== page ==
19 Meal-Worthy Salad Recipes That Won't Leave You Hungry

J. Kenji López-Alt

According to the thermometer (by which I mean, of course, the weather app on my phone), the temperatures here in California, where I just moved, have been cracking 100°F lately. When it gets this hot, I'm after dishes that are cool and refreshing, which naturally leads me to salads. I still want a meal, though—a pile of mixed greens isn't going to cut it at dinnertime.

If you, like me, are looking for robust yet healthy main-dish salads this summer, have we got options for you. Asian noodles (like our peanut noodle salad with cucumber and basil, or a shirataki noodle salad tingling with Sichuan spice) are normally my default, but a good chicken salad (say, with avocado and corn, or a classic mayo-dressed chicken salad) is always useful for an emergency shot of protein. A green salad can become a full-on dinner if you bulk it up with ingredients like tofu, beans, and/or fish (try, for instance, our salmon bean salad, laden with tender poached salmon and plump cranberry beans). And, considering my new status as a resident of LA, I'm legally required to start eating poke, the delicious Hawaiian salad of raw fish, so that's on my summer list, too—and should be on yours. Keep reading for 19 of our favorite recipes for when we're craving a salad, but need a meal.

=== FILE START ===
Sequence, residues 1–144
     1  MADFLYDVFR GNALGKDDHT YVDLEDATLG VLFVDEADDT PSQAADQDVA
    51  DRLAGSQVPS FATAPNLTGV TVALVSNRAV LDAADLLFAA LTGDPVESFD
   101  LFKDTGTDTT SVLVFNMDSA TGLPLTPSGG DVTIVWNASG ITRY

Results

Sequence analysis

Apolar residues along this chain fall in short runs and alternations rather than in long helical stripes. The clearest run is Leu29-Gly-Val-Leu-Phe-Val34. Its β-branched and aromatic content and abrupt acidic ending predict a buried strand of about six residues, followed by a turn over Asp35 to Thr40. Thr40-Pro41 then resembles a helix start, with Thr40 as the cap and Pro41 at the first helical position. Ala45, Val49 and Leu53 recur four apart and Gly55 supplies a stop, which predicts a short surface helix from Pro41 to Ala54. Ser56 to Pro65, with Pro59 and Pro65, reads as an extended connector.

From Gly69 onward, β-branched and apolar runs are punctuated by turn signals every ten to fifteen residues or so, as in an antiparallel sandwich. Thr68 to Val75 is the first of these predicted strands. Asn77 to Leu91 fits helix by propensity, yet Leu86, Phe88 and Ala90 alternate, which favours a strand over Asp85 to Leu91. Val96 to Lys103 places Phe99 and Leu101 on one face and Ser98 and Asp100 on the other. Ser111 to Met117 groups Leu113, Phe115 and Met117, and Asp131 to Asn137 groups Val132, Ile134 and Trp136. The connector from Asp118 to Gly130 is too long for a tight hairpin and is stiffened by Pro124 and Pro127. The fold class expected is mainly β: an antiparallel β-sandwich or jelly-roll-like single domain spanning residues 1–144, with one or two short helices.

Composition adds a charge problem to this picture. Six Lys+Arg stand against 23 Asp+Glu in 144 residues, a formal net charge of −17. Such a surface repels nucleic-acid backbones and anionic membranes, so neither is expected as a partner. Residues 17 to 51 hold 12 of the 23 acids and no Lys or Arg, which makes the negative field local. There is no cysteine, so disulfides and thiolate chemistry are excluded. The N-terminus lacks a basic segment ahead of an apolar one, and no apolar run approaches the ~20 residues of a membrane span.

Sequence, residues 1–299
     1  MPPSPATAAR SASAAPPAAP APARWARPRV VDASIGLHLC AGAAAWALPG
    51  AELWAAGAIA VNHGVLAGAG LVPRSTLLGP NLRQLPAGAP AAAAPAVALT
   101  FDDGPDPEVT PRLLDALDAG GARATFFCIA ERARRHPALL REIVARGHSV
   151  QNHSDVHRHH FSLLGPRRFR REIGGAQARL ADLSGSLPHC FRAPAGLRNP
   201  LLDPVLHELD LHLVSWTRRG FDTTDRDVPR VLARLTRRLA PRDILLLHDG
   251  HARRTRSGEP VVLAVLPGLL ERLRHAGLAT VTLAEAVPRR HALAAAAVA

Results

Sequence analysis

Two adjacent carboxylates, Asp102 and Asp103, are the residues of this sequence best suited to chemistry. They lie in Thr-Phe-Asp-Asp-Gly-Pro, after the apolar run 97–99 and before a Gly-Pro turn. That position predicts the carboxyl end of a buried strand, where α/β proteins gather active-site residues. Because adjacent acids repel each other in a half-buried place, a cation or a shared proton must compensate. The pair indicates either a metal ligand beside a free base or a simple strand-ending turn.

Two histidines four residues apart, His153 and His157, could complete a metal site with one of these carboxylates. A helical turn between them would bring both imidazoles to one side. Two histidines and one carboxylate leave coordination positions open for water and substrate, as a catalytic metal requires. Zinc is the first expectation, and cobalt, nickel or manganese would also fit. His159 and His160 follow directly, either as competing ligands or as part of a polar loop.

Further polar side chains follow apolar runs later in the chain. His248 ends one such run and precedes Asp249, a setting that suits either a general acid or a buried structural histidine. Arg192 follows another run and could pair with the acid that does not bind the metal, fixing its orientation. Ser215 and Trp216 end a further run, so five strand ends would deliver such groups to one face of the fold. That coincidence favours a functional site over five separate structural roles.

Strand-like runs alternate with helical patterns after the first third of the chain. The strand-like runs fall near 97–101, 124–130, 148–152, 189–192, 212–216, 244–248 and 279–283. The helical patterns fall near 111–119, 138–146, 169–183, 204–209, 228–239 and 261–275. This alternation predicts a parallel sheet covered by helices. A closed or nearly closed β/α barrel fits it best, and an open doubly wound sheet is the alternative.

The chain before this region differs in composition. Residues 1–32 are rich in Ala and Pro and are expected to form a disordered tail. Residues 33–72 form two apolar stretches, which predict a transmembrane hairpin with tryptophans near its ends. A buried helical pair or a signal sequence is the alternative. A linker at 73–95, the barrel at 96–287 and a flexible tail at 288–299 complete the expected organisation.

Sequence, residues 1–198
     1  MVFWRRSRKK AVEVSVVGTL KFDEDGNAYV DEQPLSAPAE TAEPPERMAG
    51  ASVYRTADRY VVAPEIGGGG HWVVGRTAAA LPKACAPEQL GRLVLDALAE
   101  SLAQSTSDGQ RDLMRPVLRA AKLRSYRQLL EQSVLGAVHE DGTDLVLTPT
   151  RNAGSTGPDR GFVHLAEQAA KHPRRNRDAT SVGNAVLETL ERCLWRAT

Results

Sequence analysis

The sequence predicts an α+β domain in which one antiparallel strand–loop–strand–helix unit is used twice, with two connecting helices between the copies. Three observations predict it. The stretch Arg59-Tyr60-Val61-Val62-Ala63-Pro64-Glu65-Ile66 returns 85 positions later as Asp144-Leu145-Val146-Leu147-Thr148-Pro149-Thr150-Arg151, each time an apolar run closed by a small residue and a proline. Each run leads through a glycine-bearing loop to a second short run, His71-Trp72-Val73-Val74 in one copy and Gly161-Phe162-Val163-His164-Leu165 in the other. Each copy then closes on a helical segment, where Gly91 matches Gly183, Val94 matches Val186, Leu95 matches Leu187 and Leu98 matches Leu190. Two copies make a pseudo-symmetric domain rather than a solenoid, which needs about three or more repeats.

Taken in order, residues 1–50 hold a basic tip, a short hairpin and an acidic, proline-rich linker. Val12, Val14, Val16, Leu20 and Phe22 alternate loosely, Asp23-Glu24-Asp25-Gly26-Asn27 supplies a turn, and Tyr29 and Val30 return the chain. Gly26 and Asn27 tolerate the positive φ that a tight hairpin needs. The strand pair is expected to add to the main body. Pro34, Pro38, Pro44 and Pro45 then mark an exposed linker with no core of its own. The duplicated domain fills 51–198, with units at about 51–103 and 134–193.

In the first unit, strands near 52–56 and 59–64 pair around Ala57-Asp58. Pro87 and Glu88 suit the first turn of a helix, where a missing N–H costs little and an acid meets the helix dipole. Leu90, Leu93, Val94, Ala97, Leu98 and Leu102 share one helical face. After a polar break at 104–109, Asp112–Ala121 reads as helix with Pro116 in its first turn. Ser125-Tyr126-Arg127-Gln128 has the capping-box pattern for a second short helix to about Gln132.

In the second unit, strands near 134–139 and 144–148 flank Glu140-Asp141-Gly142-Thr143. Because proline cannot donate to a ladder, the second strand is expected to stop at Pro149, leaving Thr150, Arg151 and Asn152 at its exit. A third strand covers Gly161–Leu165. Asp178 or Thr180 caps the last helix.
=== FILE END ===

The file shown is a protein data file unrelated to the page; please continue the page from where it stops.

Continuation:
Noodle Salads

Blistered-Tomato Pasta Salad With Basil

Daniel Gritzer

You might not know it from some of the recipes or supermarket-deli offerings you see out there, but raw tomatoes just don't belong in pasta salad—the textures of fresh produce and cold pasta don't really work in combination. A much better approach is to lightly cook your tomatoes in olive oil and garlic until they blister and burst, creating a rustic, flavorful sauce to dress the pasta. Fresh basil leaves, on the other hand, are ideal for perking up the salad, and, while diced fresh mozzarella is a nice addition, wait until the tomatoes cool completely to mix it in so it doesn't melt and clump up.

Get the recipe for Blistered-Tomato Pasta Salad With Basil »

Spanish Pasta Salad With Chorizo, Piquillo Peppers, and Pickled Onion

Daniel Gritzer

This simple pasta salad is sauced with a mixture of crispy Spanish chorizo, roasted piquillo peppers, and quick-pickled yellow onion; the latter gives the salad a little tartness without overpowering. As with all cold pasta dishes, we recommend overcooking the noodles a little, since they'll firm up as they cool down.

Get the recipe for Spanish Pasta Salad With Chorizo, Piquillo Peppers, and Pickled Onion »

Italian Seafood-Salad Pasta Salad With Vietnamese Noodles

Daniel Gritzer

Though we generally recommend avoiding vinegary dressings with cold noodles—so much so that we consider it one of our fundamental rules of pasta salad—that warning applies only to Western-style wheat pasta, because, for whatever reason, Asian noodles pair wonderfully with vinaigrettes. Case in point: this refreshing hybrid salad, which combines rice noodles with an Italian-style seafood salad of lightly cooked, chilled shrimp and squid, plus lump crabmeat. Dress it with a bare-bones treatment of olive oil and lemon juice.

Get the recipe for Italian Seafood-Salad Pasta Salad With Vietnamese Noodles »

Spicy Peanut Noodle Salad With Cucumbers, Red Peppers, and Basil

J. Kenji López-Alt